We use three allopatric populations of the stalk-eyed fly Teleopsis dalmanni from Southeast Asia to test two predictions made by the sex chromosome drive hypothesis for Haldane's rule. The first is that modifiers that suppress or enhance drive should evolve rapidly and independently in isolated populations. The second is that drive loci or modifiers should also cause sterility in hybrid males. We tested these predictions by assaying the fertility of 2,066 males derived from backcross experiments involving two pairs of populations and found that the proportion of mated males that fail to produce any offspring ranged from 38-60% among crosses with some males producing strongly female-biased or male-biased sex ratios. After genotyping each male at 25-28 genetic markers we found quantitative trait loci (QTL) that jointly influence male sterility, sperm length and biased progeny sex ratios in each pair of populations, but almost no shared QTL between population crosses. We also discovered that the extant XSR chromosome has no effect on sex ratio or sterility in these backcross males. Whether shared QTL are caused by linkage or pleiotropy requires additional study. Nevertheless, these results indicate the presence of a "cryptic" drive system that is currently masked by suppressing elements that are associated with sterility and sperm length within but not between populations and, therefore, must have evolved since the populations became isolated, i.e. in less than 100,000 years. We discuss how genes that influence sperm length may contribute to hybrid sterility.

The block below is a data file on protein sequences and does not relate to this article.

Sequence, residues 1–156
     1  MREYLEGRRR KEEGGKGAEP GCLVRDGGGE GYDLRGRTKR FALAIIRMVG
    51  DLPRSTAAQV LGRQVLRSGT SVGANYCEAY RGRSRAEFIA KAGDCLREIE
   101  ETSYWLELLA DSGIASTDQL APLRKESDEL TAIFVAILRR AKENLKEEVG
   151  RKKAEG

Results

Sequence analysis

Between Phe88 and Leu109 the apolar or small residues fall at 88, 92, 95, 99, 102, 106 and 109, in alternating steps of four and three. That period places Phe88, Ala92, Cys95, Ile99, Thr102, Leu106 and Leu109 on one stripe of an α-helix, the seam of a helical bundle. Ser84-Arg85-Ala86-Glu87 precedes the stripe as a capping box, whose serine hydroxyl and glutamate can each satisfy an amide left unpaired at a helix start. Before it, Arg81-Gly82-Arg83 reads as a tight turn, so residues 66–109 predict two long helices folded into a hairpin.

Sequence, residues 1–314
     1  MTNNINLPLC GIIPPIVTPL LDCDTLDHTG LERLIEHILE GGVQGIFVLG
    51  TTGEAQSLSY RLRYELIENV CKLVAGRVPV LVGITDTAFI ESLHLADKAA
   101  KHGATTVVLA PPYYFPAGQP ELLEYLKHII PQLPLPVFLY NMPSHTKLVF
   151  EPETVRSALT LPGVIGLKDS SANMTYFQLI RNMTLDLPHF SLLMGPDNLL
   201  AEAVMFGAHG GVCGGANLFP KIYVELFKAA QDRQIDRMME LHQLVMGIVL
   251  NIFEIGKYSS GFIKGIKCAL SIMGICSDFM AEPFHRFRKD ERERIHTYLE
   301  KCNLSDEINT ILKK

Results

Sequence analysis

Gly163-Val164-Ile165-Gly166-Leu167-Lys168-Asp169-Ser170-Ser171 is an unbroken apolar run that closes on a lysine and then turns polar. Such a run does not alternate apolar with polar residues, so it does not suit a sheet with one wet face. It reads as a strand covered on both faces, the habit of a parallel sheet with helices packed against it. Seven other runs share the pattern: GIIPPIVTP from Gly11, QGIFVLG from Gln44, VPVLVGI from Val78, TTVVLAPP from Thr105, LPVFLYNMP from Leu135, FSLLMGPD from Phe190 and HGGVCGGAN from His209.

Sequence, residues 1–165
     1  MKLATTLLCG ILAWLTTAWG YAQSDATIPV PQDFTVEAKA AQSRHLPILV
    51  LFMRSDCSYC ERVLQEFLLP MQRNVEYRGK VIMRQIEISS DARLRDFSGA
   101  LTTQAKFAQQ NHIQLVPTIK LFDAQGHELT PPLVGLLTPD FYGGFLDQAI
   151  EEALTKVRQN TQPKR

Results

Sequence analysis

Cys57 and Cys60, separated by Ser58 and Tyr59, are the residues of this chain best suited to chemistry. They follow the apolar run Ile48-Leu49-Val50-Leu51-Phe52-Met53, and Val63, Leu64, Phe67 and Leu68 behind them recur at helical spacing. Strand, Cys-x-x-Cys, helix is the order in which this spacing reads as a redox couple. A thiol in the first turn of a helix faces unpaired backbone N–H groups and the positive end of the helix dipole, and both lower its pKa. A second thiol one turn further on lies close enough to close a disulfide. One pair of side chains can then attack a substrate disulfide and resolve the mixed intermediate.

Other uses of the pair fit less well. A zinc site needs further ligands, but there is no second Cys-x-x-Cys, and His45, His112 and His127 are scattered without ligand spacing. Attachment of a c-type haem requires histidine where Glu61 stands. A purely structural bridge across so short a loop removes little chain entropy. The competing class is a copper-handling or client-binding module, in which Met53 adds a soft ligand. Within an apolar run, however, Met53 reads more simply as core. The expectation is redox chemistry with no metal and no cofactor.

- Received June 19, 2014.
- Accepted August 18, 2014.
- Copyright © 2014, The Genetics Society of America